Businesses in Urswick Great and Little Towns and Villages of Cumbria

Urswick Great and Little

(See also Birkrigg Stone Circle)

Great Urswick and Urswick tarn by Graeme Dougal Great and Little Urswick are flip sides of the same coin, or to put it in literal terms, they are opposite sides of the same tarn. Their proximity and shared history makes them identifiable mostly by which spot on Urswick tarn they occupy.

The tarn plays host to water birds, swans and Great Urswick coot on the tarn by Graeme Dougalbream. A local restaurant, The Coot on the Tarn, links its name to a tradition. People born in the village were known as Ossick Coots.

Many of the village buildings are of grey stone and pebble dash. One of Great Urswicks pubs, the 17th century General Burgoyne, is named after a soldier of the SevenGreat Urswick General Burgoyne Pub by Graeme Dougal Years War. He co-authored plays with Sheridan. A skull lies in a cupboard in the pub, and woe betides anyone who removes it. At least, that is what legend records. Little Urswick is home to the Swan, an early 1800s pub.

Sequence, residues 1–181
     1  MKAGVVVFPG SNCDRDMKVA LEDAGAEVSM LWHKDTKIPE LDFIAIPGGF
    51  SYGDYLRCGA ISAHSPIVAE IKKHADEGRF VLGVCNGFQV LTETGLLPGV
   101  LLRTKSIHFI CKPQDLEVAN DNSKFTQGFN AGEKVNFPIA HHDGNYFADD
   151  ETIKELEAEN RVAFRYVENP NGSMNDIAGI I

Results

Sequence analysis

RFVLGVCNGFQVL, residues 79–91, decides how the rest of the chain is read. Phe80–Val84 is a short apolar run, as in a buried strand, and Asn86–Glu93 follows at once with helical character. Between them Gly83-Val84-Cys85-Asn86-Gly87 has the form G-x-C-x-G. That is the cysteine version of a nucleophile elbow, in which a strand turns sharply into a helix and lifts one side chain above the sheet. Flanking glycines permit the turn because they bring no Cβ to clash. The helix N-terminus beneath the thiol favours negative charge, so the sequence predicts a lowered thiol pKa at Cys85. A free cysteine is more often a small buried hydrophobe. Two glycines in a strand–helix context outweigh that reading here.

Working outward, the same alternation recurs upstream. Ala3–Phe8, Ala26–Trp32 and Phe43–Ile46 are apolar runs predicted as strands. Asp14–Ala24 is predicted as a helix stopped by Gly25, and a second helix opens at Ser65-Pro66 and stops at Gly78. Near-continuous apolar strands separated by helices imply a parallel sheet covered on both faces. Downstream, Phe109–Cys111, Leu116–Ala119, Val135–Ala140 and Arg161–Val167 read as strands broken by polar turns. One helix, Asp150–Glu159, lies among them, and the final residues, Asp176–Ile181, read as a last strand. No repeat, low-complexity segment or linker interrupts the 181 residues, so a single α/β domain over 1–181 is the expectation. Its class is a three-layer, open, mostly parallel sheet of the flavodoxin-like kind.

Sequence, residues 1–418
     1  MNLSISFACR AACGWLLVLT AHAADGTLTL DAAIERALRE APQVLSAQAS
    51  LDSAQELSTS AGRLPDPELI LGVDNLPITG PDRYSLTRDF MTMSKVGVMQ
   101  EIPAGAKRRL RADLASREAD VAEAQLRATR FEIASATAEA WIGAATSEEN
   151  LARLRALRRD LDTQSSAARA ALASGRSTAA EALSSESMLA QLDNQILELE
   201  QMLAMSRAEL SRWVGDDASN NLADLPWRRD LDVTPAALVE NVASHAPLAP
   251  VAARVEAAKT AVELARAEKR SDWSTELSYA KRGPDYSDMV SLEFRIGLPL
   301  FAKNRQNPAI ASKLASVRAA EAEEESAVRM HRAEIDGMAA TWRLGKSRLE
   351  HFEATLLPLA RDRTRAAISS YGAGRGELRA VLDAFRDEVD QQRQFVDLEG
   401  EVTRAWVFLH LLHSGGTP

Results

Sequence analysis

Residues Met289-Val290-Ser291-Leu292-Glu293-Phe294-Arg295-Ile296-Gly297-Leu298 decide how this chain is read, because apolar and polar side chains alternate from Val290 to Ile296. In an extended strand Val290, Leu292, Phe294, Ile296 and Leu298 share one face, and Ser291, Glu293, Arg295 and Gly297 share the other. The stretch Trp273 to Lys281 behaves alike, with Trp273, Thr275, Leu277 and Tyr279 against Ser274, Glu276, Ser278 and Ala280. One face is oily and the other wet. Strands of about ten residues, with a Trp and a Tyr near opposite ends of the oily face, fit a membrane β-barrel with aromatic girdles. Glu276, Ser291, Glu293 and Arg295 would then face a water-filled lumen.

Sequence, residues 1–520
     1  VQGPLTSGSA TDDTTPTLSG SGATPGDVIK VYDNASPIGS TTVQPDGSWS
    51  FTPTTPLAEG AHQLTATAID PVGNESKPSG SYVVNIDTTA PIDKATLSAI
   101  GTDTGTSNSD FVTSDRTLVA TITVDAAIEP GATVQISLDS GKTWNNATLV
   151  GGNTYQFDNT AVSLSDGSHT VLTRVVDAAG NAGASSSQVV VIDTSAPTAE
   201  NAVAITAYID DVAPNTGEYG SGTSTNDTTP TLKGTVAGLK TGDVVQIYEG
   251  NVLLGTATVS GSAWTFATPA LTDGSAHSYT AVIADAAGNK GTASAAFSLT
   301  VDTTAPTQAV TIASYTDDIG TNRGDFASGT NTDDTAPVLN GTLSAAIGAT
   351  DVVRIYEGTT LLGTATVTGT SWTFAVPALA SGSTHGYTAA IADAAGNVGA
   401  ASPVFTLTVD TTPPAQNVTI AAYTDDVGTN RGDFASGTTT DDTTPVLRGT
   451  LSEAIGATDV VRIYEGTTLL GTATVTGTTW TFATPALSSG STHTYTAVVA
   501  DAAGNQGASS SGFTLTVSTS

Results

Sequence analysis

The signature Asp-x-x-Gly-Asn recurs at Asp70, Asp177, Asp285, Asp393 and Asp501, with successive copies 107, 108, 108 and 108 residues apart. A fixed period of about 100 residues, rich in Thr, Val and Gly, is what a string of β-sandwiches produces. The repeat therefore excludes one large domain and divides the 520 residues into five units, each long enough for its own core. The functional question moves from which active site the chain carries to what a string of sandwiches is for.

Set back from the village, St Mary and St Michael church, of the 13th and 14th centuries (restored in 1908), has a wide square tower. It is thought a church existed here since the 9th Great Urswick St Mary and St Michael Church exterior by Graeme Dougalcentury. Inside the church interior is stone with a flagged stone floor. An 18th century three tiered pulpit holds pride of place along with a 12th century font. Fragments of 10th-11th century crosses, one with an Anglo-Saxon inscription, and early 20th century wood carvings are further items of note. In the windows are bits of heraldic glass. The church plays host to a rush-bearing ceremony in September.

Great Urswick St Mary and St Michael Church interior by Graeme DougalBirkrigg Stone Circle is one of several prehistoric settlement sites in the surrounding countryside.

Photos courtesy of Graeme Dougal




Great and Little Urswick are located on minor roads off the A590 near Dalton-in-Furness.

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